The advantage of not having to worry about working through school is that a person has more time to spend on his studies and extra-curricular activities and thereby has a greater chance of getting better grades than a person having to split his time between jobs and studies. I don't know all the statistics but I think in the end there are an equal number of successful people in both categories.

Now for the thought. I think there are several of us out there was education was paid for most of the time. Living in this country would you let your child go out and work his way through school so that he realises that education does not come easily and inexpensively and thereby teach him a valuable lesson on how important it is to be independent and hard- working. Or if you have the means and since your education was paid for, and you want your child to have as much and more than yourself, you would pay for his schooling all along the way just to make it easier for him and let him learn about independence and self-sufficiency when his schooling is done and he has to start living his life by himself.

Editor's Comments

My thoughts about this matter vary a litle from that of the author. It is not always true that there is no incentive and expectation for students to work in India, or that their education is always paid for, and they do not bother about it. They are expected to work harder, though in a different way. We have to work very hard to do well in our studies. There are not enough jobs for under-achievers. There are thousands of Engineers in India who do not have jobs. There are a lot of students who work hard to try and get scholarships to fund our studies. The work is not manual labor, but hey, it is hard work. Anyway, they are working to pay for their education, does it matter whether they are doing it by cleaning dishes or by studying hard?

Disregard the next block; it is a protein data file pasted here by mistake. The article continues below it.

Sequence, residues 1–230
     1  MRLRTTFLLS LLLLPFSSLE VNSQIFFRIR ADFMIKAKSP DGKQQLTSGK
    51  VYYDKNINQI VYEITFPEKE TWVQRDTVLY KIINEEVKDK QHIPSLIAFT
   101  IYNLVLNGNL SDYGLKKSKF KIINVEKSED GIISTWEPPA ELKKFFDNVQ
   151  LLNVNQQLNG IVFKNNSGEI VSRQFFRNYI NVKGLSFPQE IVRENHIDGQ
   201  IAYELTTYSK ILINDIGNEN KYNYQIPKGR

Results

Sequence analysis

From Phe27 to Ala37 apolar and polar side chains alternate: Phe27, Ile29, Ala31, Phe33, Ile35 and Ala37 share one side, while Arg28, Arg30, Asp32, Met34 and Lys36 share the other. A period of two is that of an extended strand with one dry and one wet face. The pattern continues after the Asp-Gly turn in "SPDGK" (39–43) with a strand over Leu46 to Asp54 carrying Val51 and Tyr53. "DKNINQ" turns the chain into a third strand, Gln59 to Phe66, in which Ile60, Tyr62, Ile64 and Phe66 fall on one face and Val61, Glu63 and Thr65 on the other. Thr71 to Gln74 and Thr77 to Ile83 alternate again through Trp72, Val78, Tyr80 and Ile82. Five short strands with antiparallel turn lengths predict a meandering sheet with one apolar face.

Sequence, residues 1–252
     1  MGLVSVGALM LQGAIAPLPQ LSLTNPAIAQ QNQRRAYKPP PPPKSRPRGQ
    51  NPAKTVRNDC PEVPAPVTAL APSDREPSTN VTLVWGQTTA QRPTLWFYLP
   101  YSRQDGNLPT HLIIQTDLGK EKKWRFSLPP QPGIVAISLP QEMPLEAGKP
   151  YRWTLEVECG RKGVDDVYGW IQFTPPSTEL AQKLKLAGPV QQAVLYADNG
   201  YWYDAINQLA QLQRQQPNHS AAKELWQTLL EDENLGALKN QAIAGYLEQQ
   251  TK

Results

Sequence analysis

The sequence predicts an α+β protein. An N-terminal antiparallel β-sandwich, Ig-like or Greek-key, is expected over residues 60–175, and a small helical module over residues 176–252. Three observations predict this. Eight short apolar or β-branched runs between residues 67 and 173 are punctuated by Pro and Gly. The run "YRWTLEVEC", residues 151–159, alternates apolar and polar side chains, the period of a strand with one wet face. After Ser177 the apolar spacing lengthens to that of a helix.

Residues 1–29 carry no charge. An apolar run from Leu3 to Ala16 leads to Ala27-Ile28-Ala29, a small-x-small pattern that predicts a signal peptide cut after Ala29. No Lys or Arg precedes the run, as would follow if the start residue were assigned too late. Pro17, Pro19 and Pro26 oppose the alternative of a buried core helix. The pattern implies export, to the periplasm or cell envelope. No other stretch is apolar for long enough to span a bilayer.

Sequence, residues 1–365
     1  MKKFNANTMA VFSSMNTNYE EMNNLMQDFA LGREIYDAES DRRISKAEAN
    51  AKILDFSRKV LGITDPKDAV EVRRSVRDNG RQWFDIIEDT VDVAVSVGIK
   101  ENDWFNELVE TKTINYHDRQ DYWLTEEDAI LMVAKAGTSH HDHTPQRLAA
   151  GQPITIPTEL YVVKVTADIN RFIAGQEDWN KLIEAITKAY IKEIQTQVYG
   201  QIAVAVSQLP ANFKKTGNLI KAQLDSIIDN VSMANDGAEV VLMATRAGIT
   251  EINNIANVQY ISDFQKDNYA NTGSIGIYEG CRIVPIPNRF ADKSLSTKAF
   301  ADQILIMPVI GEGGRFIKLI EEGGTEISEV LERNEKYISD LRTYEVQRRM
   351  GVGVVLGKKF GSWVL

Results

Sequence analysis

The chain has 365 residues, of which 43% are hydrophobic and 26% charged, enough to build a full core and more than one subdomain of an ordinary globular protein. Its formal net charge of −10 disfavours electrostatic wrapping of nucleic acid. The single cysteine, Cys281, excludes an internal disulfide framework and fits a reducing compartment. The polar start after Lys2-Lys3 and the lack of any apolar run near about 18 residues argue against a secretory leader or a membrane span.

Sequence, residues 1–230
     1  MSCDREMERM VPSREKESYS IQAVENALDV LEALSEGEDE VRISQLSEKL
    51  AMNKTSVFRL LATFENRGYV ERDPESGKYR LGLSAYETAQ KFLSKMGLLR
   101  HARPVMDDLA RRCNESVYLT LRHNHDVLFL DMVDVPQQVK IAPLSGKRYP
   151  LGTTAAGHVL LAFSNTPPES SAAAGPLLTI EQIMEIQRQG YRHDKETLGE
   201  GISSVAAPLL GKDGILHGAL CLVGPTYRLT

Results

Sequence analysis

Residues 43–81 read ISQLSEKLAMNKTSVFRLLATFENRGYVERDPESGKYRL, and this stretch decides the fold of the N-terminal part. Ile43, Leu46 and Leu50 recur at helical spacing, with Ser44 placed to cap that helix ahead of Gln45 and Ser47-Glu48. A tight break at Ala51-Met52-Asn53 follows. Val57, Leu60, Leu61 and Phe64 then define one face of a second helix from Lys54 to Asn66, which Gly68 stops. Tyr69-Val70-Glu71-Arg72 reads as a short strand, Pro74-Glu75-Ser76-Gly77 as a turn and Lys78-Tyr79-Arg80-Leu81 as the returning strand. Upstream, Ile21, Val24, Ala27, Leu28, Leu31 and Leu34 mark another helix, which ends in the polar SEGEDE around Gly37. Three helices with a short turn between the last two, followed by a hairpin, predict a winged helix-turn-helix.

I think its a matter of perception. Often it depends on the values that the parents inculcate in their children. I can tell from personal experience that it works. My parents always told me that they cannot afford to pay a donation for me to get admission into an engineering school and I have to work hard to do well and go to a good school. They encouraged me and gave me the challenge to work hard to get scholarships to pay for my education. A lot of people do it. And it works. The concept of working while studying does not exist in India. The competition is so tough that if I spend 20 hrs a week working part-time, then I will flunk all my exams. However, in this country things are different. Everyone does it, so why won't you? I have done it and I am proud that I did not spend any of my parents hard-earned money towards my education.

It all depends on you as parents to shape the future of your parents. They will do whatever you teach them to do. Honesty, self-sufficiency and hard-work are three of the best values you can inculcate in them. It is upto you to make them proud human beings. However, if nothing works, then I sure hope you are saving enough to help them through college.

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Your comments are always welcome...

Minoti Sahu